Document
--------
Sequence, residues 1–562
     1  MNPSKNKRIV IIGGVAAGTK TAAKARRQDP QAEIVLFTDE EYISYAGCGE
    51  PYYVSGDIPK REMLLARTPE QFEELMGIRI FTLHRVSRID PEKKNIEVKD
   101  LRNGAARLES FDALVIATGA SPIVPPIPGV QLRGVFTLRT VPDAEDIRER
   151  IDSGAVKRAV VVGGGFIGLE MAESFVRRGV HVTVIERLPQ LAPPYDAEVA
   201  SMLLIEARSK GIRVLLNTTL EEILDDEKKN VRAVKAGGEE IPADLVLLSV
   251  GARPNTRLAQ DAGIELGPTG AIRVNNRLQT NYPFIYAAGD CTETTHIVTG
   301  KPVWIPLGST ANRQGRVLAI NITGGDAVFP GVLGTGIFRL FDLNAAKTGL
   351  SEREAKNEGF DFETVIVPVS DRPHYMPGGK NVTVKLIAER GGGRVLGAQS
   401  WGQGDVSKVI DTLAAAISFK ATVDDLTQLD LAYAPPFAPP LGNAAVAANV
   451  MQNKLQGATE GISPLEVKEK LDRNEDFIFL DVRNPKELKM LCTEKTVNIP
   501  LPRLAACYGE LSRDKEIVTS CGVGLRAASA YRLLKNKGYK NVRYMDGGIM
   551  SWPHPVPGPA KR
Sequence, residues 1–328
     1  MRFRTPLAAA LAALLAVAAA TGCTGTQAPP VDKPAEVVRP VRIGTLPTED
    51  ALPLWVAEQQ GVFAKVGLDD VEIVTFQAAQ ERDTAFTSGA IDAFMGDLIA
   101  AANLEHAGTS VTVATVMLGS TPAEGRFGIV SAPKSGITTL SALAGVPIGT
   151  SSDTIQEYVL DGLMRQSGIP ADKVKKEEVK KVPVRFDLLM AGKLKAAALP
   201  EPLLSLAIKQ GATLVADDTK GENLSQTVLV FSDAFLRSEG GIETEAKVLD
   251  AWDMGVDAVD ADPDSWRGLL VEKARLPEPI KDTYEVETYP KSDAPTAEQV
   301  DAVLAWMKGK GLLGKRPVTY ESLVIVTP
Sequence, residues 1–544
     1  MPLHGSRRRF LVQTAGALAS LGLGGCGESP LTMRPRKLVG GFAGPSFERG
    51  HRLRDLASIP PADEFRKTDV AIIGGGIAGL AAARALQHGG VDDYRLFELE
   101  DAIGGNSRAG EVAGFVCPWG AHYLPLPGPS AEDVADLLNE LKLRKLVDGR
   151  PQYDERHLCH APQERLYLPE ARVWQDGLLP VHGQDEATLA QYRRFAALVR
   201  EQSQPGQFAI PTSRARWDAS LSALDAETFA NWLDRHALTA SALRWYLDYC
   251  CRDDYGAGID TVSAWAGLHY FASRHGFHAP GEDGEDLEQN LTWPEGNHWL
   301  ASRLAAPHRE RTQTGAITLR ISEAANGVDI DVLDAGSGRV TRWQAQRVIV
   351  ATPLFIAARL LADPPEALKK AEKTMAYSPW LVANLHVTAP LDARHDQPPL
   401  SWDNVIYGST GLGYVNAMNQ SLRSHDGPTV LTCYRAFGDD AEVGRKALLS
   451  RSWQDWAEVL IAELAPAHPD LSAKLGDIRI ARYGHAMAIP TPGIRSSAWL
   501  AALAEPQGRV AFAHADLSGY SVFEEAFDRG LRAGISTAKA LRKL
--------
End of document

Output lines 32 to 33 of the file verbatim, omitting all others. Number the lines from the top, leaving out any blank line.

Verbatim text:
   451  RSWQDWAEVL IAELAPAHPD LSAKLGDIRI ARYGHAMAIP TPGIRSSAWL
   501  AALAEPQGRV AFAHADLSGY SVFEEAFDRG LRAGISTAKA LRKL